What do I pray for? I’ve examined my concept of God. I accept that God loves me, wants me to love him, and rewards those who seek Him. I’ve discussed belief. Now, what do I pray for, or what should I pray for? Before I give my answer, my opinion of course, to this matter, lets return to my concept of God, here emphasis cannot be stressed enough. When I pray, I stand in the presence of God. This mindset itself answers many prayers.
Most days I use a set of passages to prepare for a day of prayer. The passages that I use to remind me of my relationship with God, his nature, how he sees me, and how my prayers fit within this frame can be found here: Passages to Begin Prayer. Several appear in the previous post about prayer: What is Your Concept of God?
A tendency to compartmentalize life, organizing life around the secular and religious, or worse “mine” and His, creates unnecessary confusion in life and works against a state of abiding in Him. If I want to move toward abiding, continue reading. I admit this post and most of the others I’ve written on prayer are to remind me to stand before God asking like a child feeling utterly empty handed but trustingly desperate, only able to do so because of the cross.
What Do I Pray For? Everything
So, to continue, what do I pray for? Simple. Everything. Yes, pray for everything on my heart, everything that troubles me, everything I feel critical toward, everything that causes me anxiety, everything that I think I need, everything that angers me, everything that causes me joy. Everything. All of it. When I have the thought, ‘what do I pray for?’ I should take it all to God. Even the question, “what do I pray for?” Let Him help me sort out and see the really important. Let Him teach me and help me align who I am with who he wants me to become. Regular prayer enables me to submit my will to abiding in Him and transformation.
This, when I practice regularly, enables me to discover and allow the Spirit to burn away all that isn’t essential to my relationship with God. Of course I have material needs. God will take care of those things. First he wants me to love and want him more than all things. When I understand that I have that in Jesus Christ, much becomes very clear.
Sometimes in very dark and painfully emotional places reaching out to Him seems impossible to articulate. Pray for help. Breathe, hold out the knot of pain and ask for his help. It isn’t necessary that I breakdown the complexities of the knot. He will cut through it. Sometimes I need to pray just be able to utter a prayer. As long as something weighs heavily upon me in despair or desire, I need to keep it in prayer.
Outcomes and Considerations:
- If what I ask deviates from his will for me, I’ll receive clarity. If I continue, he will teach me his will and what he wants me to see and learn.
- The timing aligns with my maturing as a disciple or the other circumstances and people that need to align. I mustn’t give up. I must keep praying.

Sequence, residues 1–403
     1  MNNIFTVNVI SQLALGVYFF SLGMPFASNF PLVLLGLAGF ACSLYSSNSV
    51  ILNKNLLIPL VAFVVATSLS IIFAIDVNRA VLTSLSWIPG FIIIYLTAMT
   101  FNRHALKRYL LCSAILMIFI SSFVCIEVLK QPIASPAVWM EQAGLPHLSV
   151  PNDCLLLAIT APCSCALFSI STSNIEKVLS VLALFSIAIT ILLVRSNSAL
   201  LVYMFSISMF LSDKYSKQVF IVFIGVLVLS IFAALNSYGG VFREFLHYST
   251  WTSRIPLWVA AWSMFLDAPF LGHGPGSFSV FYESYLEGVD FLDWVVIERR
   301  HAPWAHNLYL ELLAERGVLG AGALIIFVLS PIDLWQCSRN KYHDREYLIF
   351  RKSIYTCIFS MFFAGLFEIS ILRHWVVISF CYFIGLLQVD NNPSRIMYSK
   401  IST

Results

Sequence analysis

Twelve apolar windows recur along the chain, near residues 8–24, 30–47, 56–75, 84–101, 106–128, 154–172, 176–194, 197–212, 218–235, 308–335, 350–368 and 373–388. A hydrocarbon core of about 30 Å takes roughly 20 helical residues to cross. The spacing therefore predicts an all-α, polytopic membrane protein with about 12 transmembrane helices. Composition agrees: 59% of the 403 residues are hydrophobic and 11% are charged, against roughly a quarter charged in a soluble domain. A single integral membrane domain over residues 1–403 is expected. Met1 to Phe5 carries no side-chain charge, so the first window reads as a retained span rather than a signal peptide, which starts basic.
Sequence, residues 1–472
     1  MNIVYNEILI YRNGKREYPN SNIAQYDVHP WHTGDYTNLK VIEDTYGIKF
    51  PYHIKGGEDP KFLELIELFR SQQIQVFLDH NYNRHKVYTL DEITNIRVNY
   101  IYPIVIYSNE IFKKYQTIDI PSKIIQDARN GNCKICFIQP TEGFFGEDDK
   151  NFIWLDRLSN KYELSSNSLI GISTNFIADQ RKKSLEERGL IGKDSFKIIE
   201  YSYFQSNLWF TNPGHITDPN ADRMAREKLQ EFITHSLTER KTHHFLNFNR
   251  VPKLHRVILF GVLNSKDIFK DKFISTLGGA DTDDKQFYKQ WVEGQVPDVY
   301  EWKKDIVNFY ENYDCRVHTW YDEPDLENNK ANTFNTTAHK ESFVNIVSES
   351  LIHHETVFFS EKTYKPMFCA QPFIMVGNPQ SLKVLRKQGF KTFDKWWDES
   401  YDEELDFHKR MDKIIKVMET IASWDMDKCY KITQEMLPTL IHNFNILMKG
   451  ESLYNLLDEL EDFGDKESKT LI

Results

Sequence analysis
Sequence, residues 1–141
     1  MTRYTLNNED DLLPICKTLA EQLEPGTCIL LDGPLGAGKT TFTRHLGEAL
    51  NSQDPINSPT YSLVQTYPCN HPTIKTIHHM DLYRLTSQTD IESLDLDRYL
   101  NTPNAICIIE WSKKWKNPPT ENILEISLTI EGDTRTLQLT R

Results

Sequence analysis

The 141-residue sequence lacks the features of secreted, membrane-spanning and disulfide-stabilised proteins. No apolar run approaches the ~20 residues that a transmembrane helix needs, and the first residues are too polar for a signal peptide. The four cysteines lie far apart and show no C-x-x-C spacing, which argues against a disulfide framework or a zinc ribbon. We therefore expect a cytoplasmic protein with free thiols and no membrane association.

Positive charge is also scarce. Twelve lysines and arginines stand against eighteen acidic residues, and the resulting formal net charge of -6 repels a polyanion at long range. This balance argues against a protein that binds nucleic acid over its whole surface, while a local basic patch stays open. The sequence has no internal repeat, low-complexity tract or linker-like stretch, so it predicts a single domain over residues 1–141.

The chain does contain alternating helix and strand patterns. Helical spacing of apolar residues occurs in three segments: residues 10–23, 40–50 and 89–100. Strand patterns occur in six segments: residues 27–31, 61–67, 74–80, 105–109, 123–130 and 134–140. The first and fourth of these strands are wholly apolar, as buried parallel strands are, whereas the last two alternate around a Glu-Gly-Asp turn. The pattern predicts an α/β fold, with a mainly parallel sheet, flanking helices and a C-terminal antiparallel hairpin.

- If what I want interferes with his plan and intentions for others. I will pray for wisdom and ask how I can help serve his will.
- Sometimes for the answer to prayer, God must remove a whole mountain range not just my personal mountain. I will continue and pray for patience, understanding, and direction.
- Frequently, I don’t recognize the answer because I focus too much on the method or the how or a very narrow specific outcome. I’ll ask for the ability to recognize his answer when it comes, and ask him to help me let go of narrow specific expectations, open myself to his will, and expect possibly something better.
- Slowly, steadily, surely I will become more honest with God and myself. Often for me to see prayer answered and to have a sense of peace, I must go through a long period of stripping away delusions about myself.
So if someone asks me, what do I pray for or what should I pray for. I tell them, everything. Take it all to God.
What I Pray for Defines my Relationship with God and My Relationship with God Defines what I Pray for
My relationship with God defines the all encompassing purpose of prayer. Whatever I pray for myself or others, I ‘pray through it.’ Band aids on the problem, a temporary solution, or just an answer to the immediate need depend too much on the wisdom of man rather than the power of God. Praying though means letting go of common sense or the wisdom of man and depending on God’s miraculous power. Make sure “That your faith should not stand in the wisdom of men, but in the power of God.” – 1 Corinthians 2:5 KJV
If I seek just a band aid and then I probably won’t receive an answer. Prayer does not work like magic for me to use in order to get what I want, so I can go along and continue doing what I want holding on to “mine.” Often prayer means transformation to fulfill God’s given purpose. Always prayer will change me, so that even if my life seems the same, I will see it differently.
There may be some sin in my life that needs confession and repentance. I may not see it at first. Praying the General Confession can help as a starting point to make me aware of something blocking my relationship with God. Deep seated delusions and misconceptions can also be revealed in Christian meditation especially if hidden under layers of fear. See Christian Meditation.
Prayer means moving forward in my relationship with God. The immediate pressing need or circumstance wakes me up. I need to pay attention and step on the stone, to the next one, and the next. I must ask for the lesson. Speak Lord. The relationship and moving beyond the immediate teaches me the real function of prayer. I will pray for my need and the needs of others as related to praying through the immediate and moving closer to God. Oswald Chambers calls this ‘praying through.’
Remember the passage some call God’s phone number: “Call unto me, and I will answer thee, and shew thee great and mighty things, which thou knowest not.” – Jeremiah 33:3 KJV